A Closer Look: Vegetarianism from A Microscopic and Macroscopic Lens
On The Eating of Flesh II
This excerpt from Plutarch's Moralia amends many of the assertions Pythagoras and his pupil Empedocles made about vegetarianism. Plutarch agrees that animals should not be eating for moral reasons, as they are living beings, however, he rejects the notion that animals, and even plants, are on equal planes to humans. He ascertains that eating "mutton" is not equivalent to eating one's mother and father. Additionally, Plutarch wanted to dismantle arguments against eating beans. Because human life, he believed, was vastly different from animal and plant life, comparing them to each other in the context of diet weakened the arguments for vegetarianism.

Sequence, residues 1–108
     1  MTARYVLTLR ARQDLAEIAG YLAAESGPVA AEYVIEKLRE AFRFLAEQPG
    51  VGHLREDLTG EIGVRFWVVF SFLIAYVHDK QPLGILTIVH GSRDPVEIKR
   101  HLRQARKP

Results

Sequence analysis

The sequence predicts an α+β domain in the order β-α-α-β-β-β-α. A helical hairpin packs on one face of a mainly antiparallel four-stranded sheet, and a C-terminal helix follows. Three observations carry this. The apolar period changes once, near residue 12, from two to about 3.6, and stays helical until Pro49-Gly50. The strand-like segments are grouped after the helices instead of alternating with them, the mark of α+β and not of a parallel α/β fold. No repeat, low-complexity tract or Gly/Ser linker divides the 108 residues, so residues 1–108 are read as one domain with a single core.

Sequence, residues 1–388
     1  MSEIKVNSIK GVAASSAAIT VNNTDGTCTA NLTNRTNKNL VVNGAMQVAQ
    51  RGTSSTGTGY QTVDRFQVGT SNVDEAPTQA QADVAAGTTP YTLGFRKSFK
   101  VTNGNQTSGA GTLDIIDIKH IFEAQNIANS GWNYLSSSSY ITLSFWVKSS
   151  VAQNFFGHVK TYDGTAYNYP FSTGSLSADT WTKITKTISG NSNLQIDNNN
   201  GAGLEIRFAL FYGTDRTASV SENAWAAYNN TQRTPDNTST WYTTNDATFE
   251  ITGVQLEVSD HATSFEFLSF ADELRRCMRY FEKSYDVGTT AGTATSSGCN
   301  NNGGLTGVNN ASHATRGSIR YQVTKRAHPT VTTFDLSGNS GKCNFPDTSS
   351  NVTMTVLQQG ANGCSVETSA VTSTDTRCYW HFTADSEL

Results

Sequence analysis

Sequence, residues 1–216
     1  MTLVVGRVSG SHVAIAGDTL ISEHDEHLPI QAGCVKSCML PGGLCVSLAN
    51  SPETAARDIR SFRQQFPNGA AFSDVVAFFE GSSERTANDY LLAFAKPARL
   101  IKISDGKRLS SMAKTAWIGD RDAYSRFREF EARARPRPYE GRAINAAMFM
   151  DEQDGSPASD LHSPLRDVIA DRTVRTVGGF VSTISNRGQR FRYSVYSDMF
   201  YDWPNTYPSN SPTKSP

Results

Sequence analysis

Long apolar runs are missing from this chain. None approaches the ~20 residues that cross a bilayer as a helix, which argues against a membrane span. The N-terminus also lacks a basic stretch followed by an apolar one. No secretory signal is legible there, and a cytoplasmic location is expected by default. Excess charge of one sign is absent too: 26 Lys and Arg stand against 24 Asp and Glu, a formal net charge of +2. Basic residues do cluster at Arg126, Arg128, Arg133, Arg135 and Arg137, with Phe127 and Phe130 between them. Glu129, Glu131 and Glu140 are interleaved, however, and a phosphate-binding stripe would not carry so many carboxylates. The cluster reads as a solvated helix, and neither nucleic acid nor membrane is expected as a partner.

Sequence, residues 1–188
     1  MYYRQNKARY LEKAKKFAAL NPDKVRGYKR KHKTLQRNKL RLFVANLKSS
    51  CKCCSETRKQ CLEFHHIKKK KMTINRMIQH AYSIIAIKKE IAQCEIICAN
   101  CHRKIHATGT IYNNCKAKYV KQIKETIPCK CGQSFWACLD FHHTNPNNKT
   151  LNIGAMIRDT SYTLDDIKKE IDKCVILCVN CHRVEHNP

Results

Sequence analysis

This excerpt is particularly revolutionary in the lens of vegetarianism, as it marks a change in moral thinking about animals. Instead of not eating meat because of its similarities to humans, Plutarch argued that humans should not eat meat because animals are sentient beings too. This is similar to the contemporary moral contentions for vegetarianism that argue for animal rights.